For the 2021 tax year, you can take full advantage of the expanded credit if your modified adjusted gross income is under $75,000 for single filers, $112,500 for heads of household, and $150,000 for those married filing jointly.
The credit begins to phase out above those thresholds.
First phaseout: Income exceeds the above thresholds but is below $400,000 (married filing jointly) or $200,000 (all other filing statuses). Your total credit per child can be reduced by $50 for each $1,000 (or a fraction thereof). This phaseout will not reduce your credit below $2,000 per child.
Second phaseout: Income exceeds $400,000 (married filing jointly) or $200,000 (other filing statuses). The phaseout will continue docking $50 per each $1,000 and begin to reduce your credit per child below $2,000. You may be disqualified from the credit altogether.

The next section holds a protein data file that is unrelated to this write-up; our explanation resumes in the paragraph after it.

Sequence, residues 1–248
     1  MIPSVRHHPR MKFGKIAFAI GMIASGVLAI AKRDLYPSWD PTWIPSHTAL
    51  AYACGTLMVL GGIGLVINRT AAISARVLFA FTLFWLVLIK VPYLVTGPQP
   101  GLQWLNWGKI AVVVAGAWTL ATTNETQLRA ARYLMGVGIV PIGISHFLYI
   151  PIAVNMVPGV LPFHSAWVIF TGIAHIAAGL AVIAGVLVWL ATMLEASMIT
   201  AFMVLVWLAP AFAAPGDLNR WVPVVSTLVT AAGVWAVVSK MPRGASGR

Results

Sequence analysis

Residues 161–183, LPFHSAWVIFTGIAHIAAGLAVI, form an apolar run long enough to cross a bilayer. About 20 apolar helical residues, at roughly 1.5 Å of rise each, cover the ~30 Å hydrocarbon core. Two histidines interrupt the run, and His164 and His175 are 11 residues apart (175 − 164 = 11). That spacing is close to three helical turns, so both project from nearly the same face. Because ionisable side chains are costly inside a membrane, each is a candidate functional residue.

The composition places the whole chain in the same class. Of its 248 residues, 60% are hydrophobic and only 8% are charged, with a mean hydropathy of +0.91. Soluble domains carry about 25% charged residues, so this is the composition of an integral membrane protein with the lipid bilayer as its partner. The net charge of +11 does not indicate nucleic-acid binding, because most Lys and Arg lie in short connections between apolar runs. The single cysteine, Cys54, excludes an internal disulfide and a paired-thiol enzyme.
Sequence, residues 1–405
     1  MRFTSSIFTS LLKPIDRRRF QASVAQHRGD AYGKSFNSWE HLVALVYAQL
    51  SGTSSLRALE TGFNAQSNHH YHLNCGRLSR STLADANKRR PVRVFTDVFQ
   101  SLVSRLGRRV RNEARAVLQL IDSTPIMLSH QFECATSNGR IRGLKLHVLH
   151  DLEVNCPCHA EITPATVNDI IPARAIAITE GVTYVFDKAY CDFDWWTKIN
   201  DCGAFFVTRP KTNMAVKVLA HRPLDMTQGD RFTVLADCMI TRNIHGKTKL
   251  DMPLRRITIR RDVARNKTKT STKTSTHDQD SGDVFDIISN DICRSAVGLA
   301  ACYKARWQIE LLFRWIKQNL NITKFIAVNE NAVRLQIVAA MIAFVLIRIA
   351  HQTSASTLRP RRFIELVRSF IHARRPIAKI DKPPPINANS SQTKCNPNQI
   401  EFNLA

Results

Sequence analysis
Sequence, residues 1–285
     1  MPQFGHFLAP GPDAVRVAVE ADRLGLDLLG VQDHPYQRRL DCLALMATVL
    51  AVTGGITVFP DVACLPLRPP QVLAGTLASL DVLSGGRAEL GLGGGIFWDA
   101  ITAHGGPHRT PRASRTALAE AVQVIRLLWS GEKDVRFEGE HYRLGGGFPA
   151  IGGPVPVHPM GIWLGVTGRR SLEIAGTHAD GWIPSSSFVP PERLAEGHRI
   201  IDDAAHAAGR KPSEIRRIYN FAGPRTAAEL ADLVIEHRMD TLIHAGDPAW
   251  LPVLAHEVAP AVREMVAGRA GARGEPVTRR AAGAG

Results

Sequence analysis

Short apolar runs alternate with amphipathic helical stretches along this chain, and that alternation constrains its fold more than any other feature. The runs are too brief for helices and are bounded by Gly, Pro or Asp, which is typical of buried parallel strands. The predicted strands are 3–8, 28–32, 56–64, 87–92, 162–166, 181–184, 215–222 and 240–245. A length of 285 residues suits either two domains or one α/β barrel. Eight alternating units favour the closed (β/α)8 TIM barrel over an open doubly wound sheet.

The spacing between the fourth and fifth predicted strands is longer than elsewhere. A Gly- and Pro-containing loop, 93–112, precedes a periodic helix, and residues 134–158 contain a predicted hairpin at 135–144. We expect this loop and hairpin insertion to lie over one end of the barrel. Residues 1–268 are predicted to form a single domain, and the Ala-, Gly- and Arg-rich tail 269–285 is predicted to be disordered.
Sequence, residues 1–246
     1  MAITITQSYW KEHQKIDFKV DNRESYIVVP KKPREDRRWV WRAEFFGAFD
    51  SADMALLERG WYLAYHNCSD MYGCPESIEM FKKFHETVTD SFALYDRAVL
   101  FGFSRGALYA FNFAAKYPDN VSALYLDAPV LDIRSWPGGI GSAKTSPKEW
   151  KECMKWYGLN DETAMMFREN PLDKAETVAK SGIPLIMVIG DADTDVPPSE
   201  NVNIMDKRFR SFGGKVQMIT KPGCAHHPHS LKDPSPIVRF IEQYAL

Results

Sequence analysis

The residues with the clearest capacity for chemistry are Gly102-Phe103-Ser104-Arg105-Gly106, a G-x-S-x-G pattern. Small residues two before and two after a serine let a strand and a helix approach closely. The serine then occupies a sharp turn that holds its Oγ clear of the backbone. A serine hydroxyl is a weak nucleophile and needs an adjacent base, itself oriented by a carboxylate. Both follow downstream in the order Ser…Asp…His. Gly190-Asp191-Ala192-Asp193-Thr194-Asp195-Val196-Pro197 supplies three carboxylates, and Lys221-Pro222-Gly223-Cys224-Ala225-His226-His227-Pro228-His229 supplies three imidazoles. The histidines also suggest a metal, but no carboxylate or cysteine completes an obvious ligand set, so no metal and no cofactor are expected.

Some of the other eligibility requirements for the child tax credit include:
- You must have provided at least half of the child’s support during the last year, and the child must have lived with you for at least half the year (there are some exceptions to this rule; the IRS has the details here).
- The child cannot file a joint tax return.
- You must have lived in the U.S. for more than half the year (or, if filing jointly, one spouse must have had a main home in the U.S. for more than half the year).